For more information, please contact Vinson & Elkins lawyers Bill Lawler or Amy Riella. Visit our website to learn more about V&E's Foreign Corrupt Practices Act practice, or e-mail one of the practice contacts.


1 Xing fa xiu zheng an (VIII) [Amendment VIII to Criminal Code], Art. 29 (promulgated by the Standing Comm. Nat’l People’s Cong., Feb. 25, 2011, effective May 1, 2011) (P.R.C.).

2 Xing fa [Criminal Code], Arts.163-164 (promulgated by the Nat’l People’s Cong., Mar. 14, 1997, effective Oct. 1, 1997) (P.R.C.); Art. 13, Xing fa xiu zheng an (VII) [Amendment VII to Criminal Code] (promulgated by the Standing Comm. Nat’l People’s Cong., Feb. 28, 2009, effective Feb. 28, 2009) (P.R.C.); Xing fa xiu zheng an (VIII) [Amendment VIII to Criminal Code], Art. 29 (promulgated by the Standing Comm. Nat’l People’s Cong., Feb. 25, 2011, effective May 1, 2011) (P.R.C.); Fan bu zheng dang jing zheng fa [Anti-unfair Competition Law], Arts. 8 & 22 (promulgated by the Nat’l People’s Cong., Sept. 2, 1993, effective Dec. 1, 1993) (P.R.C.); Guo jia gong shang xing zheng guan li ju guan yu jin zhi shang ye hui lu xing wei de zan xing gui ding [Interim Regulations of the State Administration for Industry and Commerce on Prohibition of Commercial Bribery] (promulgated by the State Admin. for Indust. and Commerce, Nov. 15, 1996, effective Nov. 15, 1996) (P.R.C.); Zui gao ren min fa yuan zui gao ren min jian cha yuan guan yu ban li shang ye hui lu xing shi an jian shi yong fa lv ruo gan wen ti de yi jian [Opinions of the Supreme People's Court and the Supreme People's Procuratorate on Certain Issues Concerning the Applicable Laws for Handling Criminal Cases of Commercial Bribery] (promulgated by the Sup. People’s Ct. and Sup. People’s Proc., Nov. 20, 2008, effective Nov. 20, 2008) (P.R.C.); Zui gao ren min jian cha yuan gong an bu guan yu gong an ji guan guan xia de xing shi an jian li an zhui su biao zhun de gui ding (II) [Provisions of the Supreme People's Procuratorate and the Ministry of Public Security on Filing and Prosecution of Criminal Cases Governed by Public Security Authorities (II)] (promulgated by the Sup. People’s Proc. and Ministry of Pub. Sec., May 7, 2010, effective May 7, 2010) (P.R.C.).

3 Xing fa [Criminal Code], Arts. 383, 385-394 (promulgated by the Nat’l People’s Cong., Mar. 14, 1997, effective Oct. 1, 1997) (P.R.C.); Xing fa xiu zheng an (VI) [Amendment VI to Criminal Code], Art. 8 (promulgated by the Standing Comm. Nat’l People’s Cong., June 29, 2006, effective June 29, 2006) (P.R.C.); Zui gao ren min fa yuan zui gao ren min jian cha yuan guan yu yin fa guan yu ban li shou hui xing shi an jian shi yong fa lv ruo gan wen ti de yi jian de tong zhi [Circular of the Supreme People's Court and the Supreme People's Procuratorate on Issuance of the Opinions on Issues relating to Application of Law in the Handling of Criminal Cases Involving Acceptance of Bribes] (promulgated by the Sup. People’s Ct. and Sup. People’s Proc., July 8, 2007, effective July 8, 2007) (P.R.C.); Zui gao ren min jian cha yuan guan yu xing hui zui li an biao zhun de gui ding [Provisions of the Supreme People's Procuratorate regarding Prosecution Thresholds for Bribery Cases] (promulgated by the Sup. People’s Proc., Dec. 22, 2000, effective Dec. 22, 2000) (P.R.C.).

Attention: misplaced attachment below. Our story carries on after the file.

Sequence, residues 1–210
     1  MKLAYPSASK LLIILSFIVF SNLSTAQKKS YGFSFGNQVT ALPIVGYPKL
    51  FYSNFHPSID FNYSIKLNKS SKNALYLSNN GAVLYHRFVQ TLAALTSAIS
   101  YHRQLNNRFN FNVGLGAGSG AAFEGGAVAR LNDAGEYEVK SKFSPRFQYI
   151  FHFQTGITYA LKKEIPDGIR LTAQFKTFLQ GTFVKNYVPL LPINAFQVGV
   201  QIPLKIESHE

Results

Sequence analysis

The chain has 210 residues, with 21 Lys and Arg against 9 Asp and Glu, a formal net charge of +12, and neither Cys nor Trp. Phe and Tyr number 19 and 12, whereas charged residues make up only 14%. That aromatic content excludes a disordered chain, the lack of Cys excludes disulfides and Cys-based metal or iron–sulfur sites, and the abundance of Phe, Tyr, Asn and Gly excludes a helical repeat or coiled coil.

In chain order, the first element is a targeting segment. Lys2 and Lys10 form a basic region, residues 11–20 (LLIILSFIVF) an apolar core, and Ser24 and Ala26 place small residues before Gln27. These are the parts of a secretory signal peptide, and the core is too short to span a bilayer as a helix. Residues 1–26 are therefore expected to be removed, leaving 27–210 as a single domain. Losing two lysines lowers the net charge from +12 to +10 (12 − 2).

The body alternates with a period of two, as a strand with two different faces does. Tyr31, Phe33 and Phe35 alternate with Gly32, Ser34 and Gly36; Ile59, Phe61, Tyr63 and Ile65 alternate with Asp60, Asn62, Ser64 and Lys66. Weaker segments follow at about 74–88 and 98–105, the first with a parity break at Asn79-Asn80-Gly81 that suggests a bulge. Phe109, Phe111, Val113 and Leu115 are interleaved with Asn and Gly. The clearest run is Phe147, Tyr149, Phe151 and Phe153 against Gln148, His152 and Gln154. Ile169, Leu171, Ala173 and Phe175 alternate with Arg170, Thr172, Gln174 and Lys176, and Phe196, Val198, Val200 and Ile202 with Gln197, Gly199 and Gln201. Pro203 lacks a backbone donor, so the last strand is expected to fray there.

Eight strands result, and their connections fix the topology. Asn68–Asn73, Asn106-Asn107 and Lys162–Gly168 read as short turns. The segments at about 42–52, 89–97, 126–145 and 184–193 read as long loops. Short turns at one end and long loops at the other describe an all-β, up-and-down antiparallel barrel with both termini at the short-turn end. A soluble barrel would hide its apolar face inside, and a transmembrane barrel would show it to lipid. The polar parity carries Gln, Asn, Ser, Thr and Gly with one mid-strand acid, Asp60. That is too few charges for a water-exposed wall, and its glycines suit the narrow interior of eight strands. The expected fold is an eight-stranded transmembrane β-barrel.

4 Xing fa [Criminal Code], Art. 93 (promulgated by the Nat’l People’s Cong., Mar. 14, 1997, effective Oct. 1, 1997) (P.R.C.).

5 Xing fa [Criminal Code], Arts. 383 & 386 (promulgated by the Nat’l People’s Cong., Mar. 14, 1997, effective Oct. 1, 1997) (P.R.C.).

6 Id.

7 Xing fa [Criminal Code], Arts.163-164 (promulgated by the Nat’l People’s Cong., Mar. 14, 1997, effective Oct. 1, 1997) (P.R.C.); Xing fa xiu zheng an (VII) [Amendment VII to Criminal Code], Art. 13 (promulgated by the Standing Comm. Nat’l People’s Cong., Feb. 28, 2009, effective Feb. 28, 2009) (P.R.C.); Xing fa xiu zheng an (VIII) [Amendment VIII to Criminal Code], Art. 29 (promulgated by the Standing Comm. Nat’l People’s Cong., Feb. 25, 2011, effective May 1, 2011) (P.R.C.); Fan bu zheng dang jing zheng fa [Anti-unfair Competition Law], Arts. 8 & 22 (promulgated by the Nat’l People’s Cong., Sept. 2, 1993, effective Dec. 1, 1993); Guo jia gong shang xing zheng guan li ju guan yu jin zhi shang ye hui lu xing wei de zan xing gui ding [Interim Regulations of the State Administration for Industry and Commerce on Prohibition of Commercial Bribery] (promulgated by the State Admin. for Indus. and Commerce, Nov. 15, 1996, effective Nov. 15, 1996) (P.R.C.); Zui gao ren min fa yuan zui gao ren min jian cha yuan guan yu ban li shang ye hui lu xing shi an jian shi yong fa lv ruo gan wen ti de yi jian [Opinions of the Supreme People's Court and the Supreme People's Procuratorate on Certain Issues Concerning the Applicable Laws for Handling Criminal Cases of Commercial Bribery] (promulgated by the Sup. People’s Ct. and Sup. People’s Proc., Nov. 20, 2008, effective Nov. 20, 2008) (P.R.C.); Zui gao ren min jian cha yuan gong an bu guan yu gong an ji guan guan xia de xing shi an jian li an zhui su biao zhun de gui ding (II) [Provisions of the Supreme People's Procuratorate and the Ministry of Public Security on Filing and Prosecution of Criminal Cases Governed by Public Security Authorities (II)] (promulgated by the Sup. People’s Proc. and Ministry of Pub. Sec., May 7, 2010, effective May 7, 2010) (P.R.C.).

8 Xing fa xiu zheng an (VIII) [Amendment VIII to Criminal Code], Art. 29 (promulgated by the Standing Comm. Nat’l People’s Cong., Feb. 25, 2011, effective May 1, 2011) (P.R.C.).


This information is provided by Vinson & Elkins LLP for educational and informational purposes only and is not intended, nor should it be construed, as legal advice.